The Rostovs leave Moscow as the French army draws near, leading to an unexpected reunion, Pierre performs a heroic act which has repercussions for both he and his wife, while Sonya makes an important...
This has the look and slow pace of a typical BBC Masterpiece production, good if you like that, and I usually do, especially the Dickens novels. (check out Martin Chuzzlewit for Paul Schofield's best performance) However, unlike most, in Tolstoy's major work, they've not remained true to the original literature.
Apparently (I've seen only Pt 1 myself), after reading a major media review, they've decided to sex up this story with scenes never in the Tolstoy novel.. in pt 1 a brother got in bed w his sister (both adults) in the morning, something inappropriate that I never remembered from any Tolstoy novels.. later there will be an infidelity they've thrown in as well -- poetic license apparently means RATINGS TRUMP LITERATURE.. I'm surprised they didn't add some gory violence as well, the more explicit, the more teenage viewers will love it.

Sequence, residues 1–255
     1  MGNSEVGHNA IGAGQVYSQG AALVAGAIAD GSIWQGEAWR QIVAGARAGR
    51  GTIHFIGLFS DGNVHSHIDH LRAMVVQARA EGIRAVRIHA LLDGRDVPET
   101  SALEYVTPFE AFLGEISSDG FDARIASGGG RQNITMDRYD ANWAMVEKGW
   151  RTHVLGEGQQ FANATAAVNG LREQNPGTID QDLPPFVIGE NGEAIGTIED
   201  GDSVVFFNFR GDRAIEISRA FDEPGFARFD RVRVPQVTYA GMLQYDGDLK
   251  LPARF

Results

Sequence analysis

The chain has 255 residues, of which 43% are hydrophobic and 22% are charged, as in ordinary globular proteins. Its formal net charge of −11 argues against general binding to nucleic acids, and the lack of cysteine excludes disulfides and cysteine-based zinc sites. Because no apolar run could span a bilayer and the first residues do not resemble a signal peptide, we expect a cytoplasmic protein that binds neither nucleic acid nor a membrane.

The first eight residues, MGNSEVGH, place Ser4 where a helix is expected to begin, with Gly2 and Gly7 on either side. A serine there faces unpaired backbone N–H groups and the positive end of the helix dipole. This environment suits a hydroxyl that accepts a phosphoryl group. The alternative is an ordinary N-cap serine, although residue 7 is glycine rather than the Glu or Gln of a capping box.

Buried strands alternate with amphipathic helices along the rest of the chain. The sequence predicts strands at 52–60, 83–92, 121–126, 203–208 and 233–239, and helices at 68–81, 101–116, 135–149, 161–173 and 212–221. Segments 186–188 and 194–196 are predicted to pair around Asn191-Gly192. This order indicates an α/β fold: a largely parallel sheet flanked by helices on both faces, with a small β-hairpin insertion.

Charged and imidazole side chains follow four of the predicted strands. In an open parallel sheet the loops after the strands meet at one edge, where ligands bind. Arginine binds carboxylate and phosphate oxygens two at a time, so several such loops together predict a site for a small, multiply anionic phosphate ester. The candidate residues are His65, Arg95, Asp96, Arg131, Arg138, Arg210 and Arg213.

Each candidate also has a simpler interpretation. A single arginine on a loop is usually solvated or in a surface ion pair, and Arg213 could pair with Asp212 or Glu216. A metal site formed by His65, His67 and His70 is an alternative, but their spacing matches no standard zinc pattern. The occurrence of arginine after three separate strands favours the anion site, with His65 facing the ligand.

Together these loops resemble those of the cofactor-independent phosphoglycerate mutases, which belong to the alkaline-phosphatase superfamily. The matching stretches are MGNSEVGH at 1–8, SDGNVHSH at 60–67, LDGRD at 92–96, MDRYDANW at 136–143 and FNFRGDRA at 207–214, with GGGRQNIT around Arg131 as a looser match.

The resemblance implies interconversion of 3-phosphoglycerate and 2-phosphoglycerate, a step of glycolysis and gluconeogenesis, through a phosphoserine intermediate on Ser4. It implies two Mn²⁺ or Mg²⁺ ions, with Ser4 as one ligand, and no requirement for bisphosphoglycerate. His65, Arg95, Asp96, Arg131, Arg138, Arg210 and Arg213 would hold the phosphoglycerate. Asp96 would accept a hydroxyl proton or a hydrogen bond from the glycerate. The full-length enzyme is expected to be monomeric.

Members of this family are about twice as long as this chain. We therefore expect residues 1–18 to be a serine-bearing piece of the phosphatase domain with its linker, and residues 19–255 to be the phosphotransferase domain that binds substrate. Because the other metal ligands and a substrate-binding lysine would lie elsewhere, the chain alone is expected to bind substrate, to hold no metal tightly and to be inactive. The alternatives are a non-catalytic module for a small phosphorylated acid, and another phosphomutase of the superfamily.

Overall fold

FOR ME: IF you're going to film a major work of literature, then film THAT work, don't recreate it in your own modern perception filter of what it should have been.. or just write something original (if you can), but don't twist the classics into something more ratings worthy.
After seeing all four parts of this, I will no doubt immensely prefer the 1966 Russian version (even though subtitled), seven hours long with 250,000 Red Army extras in the war scenes, directed by actor Sergey Bondarchuk, shown here on PBS in four parts. A more epic and cinematic film, it had much better pace, more passion, and didn't invent scenes with the audience in mind. The war scenes in this TV production are very 'cheesy' by comparison.
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